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Medicinal chemistry

Medicinal chemistry

Medicinal chemistry: an industry-oriented scientific field

Medicinal chemistry includes in itself a vast array of other related fields, from more biological disciplines like biochemistry and organic chemistry to more mathematically charged ones like statistics or even computational chemistry. Medicinal chemistry is very result-oriented, people with a degree in it often find themselves developing various drugs. With that in mind, let us outline some applications of medicinal chemistry in the process of finding or creating new drugs.


The example we here at ChemDiv are most familiar with: finding which small molecules at our disposal may serve as therapeutic agents in the future. There are several ways of finding a new molecule to work: naturally, the most obvious one is to try something similar to the existing drugs or even poisons – after all, only molecules that have an effect on the organism can help cure diseases, so what is a deadly substance in one circumstance can be a literal life-saver when utilized properly. These natural sources are very productive at generating new leads, with a number of developed drugs at the clinical trial stage.

Coming back to the idea of using existing drugs as a base, there are various approaches to improving them or iterating upon them. Two common ones are trying to slightly modify existing drugs, to, for example, decrease their toxicity or increase their effectiveness. Medicinal chemists also look at the target and adjust the structure of the molecule with a certain rationale in mind: making it fit the target better or making it harder for the molecule to bind to anything that is not the target, thus improving its selectivity.

Bruton's tyrosine kinase with an inhibitor, 6x3p from the PDB. An example of the medicinal chemist’s work is figuring out which ligand-kinase interactions are more valuable for creating a selective or more effective inhibitor


One of the critical early indicators of whether the new molecule is drug-like or not are its pharmacokinetic parameters, namely ADME/T:

  • Absorption, which medicinal chemists often modify by increasing or decreasing the solubility – by making the molecule more or less hydrophobic. They may alternatively opt to change the way in which the molecule is ionized in the intestines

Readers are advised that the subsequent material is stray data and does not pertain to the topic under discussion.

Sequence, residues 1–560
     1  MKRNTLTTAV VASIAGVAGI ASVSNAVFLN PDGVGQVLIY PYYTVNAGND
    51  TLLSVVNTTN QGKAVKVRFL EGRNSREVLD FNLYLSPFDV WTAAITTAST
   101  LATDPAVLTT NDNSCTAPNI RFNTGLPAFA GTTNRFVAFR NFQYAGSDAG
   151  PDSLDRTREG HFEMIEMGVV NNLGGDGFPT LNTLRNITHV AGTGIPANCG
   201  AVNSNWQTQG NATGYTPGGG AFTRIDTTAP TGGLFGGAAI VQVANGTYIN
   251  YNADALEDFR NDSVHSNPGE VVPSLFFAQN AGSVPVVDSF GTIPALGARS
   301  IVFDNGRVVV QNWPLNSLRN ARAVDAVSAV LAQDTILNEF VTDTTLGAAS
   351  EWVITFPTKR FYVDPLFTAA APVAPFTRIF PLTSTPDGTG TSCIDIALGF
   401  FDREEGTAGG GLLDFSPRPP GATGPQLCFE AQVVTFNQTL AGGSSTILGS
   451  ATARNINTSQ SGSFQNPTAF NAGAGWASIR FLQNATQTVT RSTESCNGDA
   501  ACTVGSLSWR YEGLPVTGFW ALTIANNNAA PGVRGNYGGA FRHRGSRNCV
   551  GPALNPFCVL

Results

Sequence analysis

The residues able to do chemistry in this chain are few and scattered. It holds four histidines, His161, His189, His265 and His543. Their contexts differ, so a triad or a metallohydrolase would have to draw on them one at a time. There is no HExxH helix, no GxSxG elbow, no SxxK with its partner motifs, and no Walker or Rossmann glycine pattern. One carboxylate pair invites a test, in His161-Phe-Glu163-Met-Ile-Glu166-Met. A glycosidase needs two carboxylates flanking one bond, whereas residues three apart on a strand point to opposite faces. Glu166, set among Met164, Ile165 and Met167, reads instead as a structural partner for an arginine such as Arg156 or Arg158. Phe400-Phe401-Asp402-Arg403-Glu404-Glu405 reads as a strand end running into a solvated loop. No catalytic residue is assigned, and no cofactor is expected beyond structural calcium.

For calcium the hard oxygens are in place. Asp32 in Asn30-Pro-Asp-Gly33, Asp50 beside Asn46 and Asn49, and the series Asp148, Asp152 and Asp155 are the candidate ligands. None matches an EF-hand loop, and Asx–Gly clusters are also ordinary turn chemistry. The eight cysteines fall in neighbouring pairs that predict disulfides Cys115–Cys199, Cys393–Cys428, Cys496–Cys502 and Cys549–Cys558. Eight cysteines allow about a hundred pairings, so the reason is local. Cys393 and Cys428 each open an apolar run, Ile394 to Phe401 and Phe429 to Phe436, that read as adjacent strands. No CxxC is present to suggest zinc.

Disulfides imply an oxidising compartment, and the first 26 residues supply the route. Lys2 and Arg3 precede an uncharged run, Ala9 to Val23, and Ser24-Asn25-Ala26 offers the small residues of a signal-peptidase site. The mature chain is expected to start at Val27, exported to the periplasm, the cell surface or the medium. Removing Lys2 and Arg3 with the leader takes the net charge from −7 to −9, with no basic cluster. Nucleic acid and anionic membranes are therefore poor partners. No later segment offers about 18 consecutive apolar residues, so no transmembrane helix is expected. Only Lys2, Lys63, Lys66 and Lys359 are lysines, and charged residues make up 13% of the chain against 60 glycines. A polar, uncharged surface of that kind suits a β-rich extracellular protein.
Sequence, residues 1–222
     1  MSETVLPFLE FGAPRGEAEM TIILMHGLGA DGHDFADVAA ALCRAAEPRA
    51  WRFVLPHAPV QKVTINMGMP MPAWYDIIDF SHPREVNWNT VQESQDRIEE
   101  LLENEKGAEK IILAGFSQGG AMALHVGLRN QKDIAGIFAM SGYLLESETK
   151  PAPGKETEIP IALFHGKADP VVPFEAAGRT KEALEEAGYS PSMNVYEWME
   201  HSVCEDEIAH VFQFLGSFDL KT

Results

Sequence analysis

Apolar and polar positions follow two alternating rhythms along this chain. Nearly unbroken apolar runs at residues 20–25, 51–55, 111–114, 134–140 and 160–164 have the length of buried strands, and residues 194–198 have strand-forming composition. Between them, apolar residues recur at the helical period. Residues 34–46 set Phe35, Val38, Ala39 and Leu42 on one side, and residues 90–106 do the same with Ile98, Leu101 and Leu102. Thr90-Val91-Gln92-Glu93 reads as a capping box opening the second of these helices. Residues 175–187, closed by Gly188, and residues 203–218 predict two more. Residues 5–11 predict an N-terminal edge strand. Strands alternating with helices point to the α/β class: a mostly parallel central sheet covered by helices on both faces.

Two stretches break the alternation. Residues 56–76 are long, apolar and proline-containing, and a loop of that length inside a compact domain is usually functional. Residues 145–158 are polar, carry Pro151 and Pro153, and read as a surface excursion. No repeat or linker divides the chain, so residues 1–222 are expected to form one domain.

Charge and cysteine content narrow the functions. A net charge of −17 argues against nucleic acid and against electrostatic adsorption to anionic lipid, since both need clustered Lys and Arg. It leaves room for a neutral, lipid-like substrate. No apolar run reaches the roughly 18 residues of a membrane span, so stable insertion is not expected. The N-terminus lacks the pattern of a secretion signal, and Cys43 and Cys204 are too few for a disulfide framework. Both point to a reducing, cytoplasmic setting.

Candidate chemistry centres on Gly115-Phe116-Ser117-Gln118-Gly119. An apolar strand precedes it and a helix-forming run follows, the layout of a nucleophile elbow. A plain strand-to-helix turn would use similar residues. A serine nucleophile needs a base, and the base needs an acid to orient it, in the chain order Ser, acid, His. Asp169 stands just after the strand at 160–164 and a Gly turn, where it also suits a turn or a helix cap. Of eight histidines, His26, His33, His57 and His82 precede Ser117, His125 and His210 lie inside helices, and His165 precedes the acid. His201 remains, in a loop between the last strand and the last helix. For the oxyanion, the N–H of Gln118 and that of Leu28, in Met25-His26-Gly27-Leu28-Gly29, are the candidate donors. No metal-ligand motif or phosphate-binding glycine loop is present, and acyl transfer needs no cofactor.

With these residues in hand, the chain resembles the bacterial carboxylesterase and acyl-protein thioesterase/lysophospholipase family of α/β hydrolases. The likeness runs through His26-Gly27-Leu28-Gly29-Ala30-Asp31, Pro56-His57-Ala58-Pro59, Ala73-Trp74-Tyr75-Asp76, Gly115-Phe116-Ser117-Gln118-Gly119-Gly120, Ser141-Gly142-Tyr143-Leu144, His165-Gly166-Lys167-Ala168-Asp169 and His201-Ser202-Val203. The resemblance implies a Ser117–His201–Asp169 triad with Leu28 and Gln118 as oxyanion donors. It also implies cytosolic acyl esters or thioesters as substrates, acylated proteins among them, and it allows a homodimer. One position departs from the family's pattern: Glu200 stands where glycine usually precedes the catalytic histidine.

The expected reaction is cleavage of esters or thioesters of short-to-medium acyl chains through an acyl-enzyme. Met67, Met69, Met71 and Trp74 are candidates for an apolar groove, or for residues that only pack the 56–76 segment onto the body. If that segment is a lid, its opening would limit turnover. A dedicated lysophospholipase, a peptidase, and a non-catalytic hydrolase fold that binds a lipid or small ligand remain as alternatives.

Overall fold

• Distribution, which also, among other factors, is dependent on the pH partition.

  • Metabolism – all the ways the organism transforms the molecule. These can be taken

    advantage of by medicinal chemists, who make a prodrug, which is turned into a pharmaceutically active substance only after being transformed by the organism, commonly in the liver

  • Excretion – while a select few drugs remain in the body, most do leave it eventually, usually through the kidneys. The molecule can be modified in a way that increases its half-life to a level that allows to only take daily, which significantly improves the quality of treatment compared to something that has to be taken three times a day – both due to the increase in convenience for a patient, and due to the fact that people are more likely to follow more simplistic regimens more consistently.

  • Toxicity – the crucial factor, which ends up deciding the fate of many promising substances. There are many drugs which end up not passing clinical trials because of their heavy side effects, and there are many more molecules that do not make it out of the preclinical phase due to their toxicity.

    The ability of medicinal chemists to alter the molecule’s ADME/T is a fundamental tool of drug discovery.

    Closing remarks

    Medicinal chemistry is one of the most important fields of science for a researcher trying to create a new drug, be it for a disease which already has a treatment, but one fraught with side effects, or for one for which there is no treatment as of now. Due to its complex nature, it evolves with the many fields that it contains. It is a mainstay of modern drug design and, no doubt, will be of significant help to us both in the future and the present.

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